PETER MORTIMER reports on the latest events in the trip to Tyneside of the Palestinians from Shatila Refugee Camp, Beirut.
The thirteen Shatilians will leave three artistic legacies behind when they depart from Tyneside; their main project is creating a row of eight large spray-painted boards, to be mounted and displayed at Tynemouth Station on Tuesday.
Yesterday (Sunday), a long brick wall at The Trojan Rooms, Whitley Bay received the Shatilian treatment while on Saturday the wall of an old railway arch at The Sage, Gateshead was given the full spray-can once over.
In their protective white zip-up hooded safety suits plus face masks the ten youngsters and three teachers cut a strange sci-fi pose, and though for their first efforts, the work was tentative, under the careful nurturing of artists Faye Oliver and Anthony Downie, slowly their confidence and skills improve as to the sounds of the hissing cans they help build ornate modern tapestries, complemented by several of the young artists proudly signing their names in Arabic.
Watching them come to terms with the technique and skills, discovering the disciplines of form and colour, reminds you what great potential this art form has. A week before none had even picked up a can, yet at the Trojan Rooms they transformed an entire wall in only one hour into a psychedelic celebration.
One of their teachers, Khodor Dannan talks of nurturing teams of similar artists on many Beirut refugee camps to help transform some of the drab walls – and why not?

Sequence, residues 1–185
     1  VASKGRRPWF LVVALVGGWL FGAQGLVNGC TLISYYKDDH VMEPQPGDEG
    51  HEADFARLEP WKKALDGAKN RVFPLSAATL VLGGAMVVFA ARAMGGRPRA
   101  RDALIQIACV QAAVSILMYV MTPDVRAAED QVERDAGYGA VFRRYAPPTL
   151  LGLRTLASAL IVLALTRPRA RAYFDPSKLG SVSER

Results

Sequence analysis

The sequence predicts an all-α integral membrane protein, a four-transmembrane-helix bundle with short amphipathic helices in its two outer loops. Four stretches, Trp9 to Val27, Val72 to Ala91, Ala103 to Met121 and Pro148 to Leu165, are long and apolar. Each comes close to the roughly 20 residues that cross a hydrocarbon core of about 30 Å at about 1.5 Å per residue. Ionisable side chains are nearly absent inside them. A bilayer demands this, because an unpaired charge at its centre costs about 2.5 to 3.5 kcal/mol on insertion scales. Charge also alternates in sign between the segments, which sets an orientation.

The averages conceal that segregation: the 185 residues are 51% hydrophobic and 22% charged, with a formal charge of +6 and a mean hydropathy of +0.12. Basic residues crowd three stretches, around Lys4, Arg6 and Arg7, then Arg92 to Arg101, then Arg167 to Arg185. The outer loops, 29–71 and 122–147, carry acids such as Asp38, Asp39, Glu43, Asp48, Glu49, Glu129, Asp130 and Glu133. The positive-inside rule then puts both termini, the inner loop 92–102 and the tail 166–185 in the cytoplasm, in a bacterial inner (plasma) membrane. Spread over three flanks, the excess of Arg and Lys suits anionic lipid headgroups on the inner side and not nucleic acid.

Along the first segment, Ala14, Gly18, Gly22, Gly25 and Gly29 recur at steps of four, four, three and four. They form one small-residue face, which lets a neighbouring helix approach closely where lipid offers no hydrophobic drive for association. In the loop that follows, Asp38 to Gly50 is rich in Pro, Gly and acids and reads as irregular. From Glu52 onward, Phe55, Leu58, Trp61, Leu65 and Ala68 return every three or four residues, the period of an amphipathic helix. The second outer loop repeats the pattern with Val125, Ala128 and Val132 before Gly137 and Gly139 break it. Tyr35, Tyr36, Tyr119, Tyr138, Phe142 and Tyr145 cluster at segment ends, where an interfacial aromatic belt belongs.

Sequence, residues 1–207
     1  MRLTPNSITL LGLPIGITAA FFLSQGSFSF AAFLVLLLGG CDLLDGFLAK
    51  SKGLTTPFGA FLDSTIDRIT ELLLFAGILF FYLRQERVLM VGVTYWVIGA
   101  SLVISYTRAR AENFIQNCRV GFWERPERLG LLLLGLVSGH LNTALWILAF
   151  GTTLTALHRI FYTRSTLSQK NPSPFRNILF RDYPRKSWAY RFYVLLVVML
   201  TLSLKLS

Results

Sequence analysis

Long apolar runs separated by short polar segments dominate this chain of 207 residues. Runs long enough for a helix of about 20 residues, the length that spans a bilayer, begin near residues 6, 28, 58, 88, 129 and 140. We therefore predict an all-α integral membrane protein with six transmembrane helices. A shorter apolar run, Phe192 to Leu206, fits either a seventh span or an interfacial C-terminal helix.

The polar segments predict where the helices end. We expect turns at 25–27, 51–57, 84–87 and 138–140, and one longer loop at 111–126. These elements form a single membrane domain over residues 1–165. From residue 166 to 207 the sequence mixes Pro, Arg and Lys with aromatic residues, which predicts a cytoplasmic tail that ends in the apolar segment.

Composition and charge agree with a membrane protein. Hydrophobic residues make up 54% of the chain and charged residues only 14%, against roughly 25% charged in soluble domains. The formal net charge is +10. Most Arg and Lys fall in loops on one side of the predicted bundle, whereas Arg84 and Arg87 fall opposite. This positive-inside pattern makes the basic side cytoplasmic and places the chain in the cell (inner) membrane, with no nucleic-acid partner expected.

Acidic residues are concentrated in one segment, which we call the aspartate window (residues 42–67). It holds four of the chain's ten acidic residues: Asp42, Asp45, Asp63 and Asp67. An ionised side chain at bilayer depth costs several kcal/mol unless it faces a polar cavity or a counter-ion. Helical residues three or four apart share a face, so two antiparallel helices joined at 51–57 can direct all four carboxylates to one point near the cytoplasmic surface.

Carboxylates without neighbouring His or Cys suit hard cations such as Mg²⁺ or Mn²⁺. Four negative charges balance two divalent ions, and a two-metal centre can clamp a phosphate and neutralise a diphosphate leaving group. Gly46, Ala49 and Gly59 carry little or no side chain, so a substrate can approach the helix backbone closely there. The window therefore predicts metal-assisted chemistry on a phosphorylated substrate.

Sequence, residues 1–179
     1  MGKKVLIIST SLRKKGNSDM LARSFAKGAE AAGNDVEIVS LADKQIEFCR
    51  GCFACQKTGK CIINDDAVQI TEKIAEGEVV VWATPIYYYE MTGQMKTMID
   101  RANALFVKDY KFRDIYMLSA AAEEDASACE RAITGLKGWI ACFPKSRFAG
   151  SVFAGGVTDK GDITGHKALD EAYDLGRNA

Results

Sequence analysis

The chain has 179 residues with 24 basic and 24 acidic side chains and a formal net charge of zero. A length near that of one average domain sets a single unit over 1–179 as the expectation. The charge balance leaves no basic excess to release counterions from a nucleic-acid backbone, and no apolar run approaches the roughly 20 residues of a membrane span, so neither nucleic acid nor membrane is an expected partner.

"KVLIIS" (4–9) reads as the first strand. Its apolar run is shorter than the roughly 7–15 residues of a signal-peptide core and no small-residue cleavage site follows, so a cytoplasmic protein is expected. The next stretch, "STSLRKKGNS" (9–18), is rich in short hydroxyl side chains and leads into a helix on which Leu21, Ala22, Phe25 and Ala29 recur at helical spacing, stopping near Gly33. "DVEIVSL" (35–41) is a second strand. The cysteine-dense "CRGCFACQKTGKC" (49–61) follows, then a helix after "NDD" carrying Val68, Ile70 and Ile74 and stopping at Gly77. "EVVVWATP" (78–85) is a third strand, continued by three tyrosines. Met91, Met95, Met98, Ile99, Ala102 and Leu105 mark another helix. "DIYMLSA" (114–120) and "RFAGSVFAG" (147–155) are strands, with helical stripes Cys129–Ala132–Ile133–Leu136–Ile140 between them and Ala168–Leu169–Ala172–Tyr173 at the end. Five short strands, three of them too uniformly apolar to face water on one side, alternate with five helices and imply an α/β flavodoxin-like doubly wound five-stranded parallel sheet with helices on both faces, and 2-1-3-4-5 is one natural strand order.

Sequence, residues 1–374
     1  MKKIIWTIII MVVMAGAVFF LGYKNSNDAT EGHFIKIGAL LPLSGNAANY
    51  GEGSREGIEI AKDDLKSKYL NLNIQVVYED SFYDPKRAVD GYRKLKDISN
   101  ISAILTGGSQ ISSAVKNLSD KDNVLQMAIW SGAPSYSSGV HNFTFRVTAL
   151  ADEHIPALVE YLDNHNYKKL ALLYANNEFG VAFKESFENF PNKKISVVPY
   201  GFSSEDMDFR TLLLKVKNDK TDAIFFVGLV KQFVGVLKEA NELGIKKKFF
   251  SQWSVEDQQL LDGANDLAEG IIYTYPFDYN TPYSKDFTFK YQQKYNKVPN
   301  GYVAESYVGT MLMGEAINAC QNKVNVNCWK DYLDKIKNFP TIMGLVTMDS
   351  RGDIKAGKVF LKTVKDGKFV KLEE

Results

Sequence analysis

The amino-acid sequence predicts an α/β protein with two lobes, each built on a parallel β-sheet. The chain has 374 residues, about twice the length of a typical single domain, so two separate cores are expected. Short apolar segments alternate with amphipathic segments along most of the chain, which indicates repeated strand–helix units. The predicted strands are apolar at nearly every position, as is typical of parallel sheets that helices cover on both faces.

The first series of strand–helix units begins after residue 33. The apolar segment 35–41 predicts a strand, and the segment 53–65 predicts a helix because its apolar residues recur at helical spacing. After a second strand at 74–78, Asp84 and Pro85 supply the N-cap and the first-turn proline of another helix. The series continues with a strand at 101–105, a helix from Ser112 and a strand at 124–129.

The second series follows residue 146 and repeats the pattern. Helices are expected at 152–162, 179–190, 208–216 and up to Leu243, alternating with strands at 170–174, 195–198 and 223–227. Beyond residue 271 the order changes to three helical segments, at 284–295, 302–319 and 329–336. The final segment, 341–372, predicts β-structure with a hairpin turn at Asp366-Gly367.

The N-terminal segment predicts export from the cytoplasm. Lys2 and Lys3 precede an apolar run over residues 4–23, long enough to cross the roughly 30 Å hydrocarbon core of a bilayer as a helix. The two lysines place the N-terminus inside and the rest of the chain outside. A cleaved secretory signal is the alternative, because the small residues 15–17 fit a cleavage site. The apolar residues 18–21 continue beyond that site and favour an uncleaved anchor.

The Shatilians took the chance to see some ‘official’ modern western art in the vast display halls of the Baltic Art Gallery, Gateshead, but seemed slightly less than overwhelmed by Mark Wallinger’s thousands of pebbles on dozens of chess boards, or Richard Prigg’s mountain cabin containing its own mountain. “Please Peter, what does it mean?” asked one.
They were more impressed with Janet Cardiff’s The Forty Part Motet where, plonked in the middle of forty speakers, the listener is totally consumed and possessed by Thomas Tallis’ reworking of renaissance choral music, whose power, coming at us from 360 degrees, almost sweeps us up into the air.
Was this a portent of the planned Beirut work next year where we hope to create a Shatila Choir to perform both in the Lebanon and the UK?
Such has been the publicity of this visit that many people stop the group to talk or just to shake their hands. In The Baltic a woman,Theresa Dixon shoved a £10 note into my palm.
“Sorry it isn’t more,” she said, hurrying off, reluctant to give her name (I insisted). In a similar incident at Tynemouth Station Market on Sunday a woman pressed several pound coins into my hand.
Today there’s a trip to BBC North East in Newcastle, the final touch-ups on the major painting, and a reception at the Linskill Centre, North Shields, hosted by VODA.
Tomorrow the boards will be mounted at Tynemouth Station and unveiled before an invited audience. The youngsters will also don beautiful hand-embroidered Palestinian costumes to perform the traditional Palestinian dance, The Dabke.
If any event were to symbolise the cultural fusion of East and West, the historic and the modern, then this surely is it.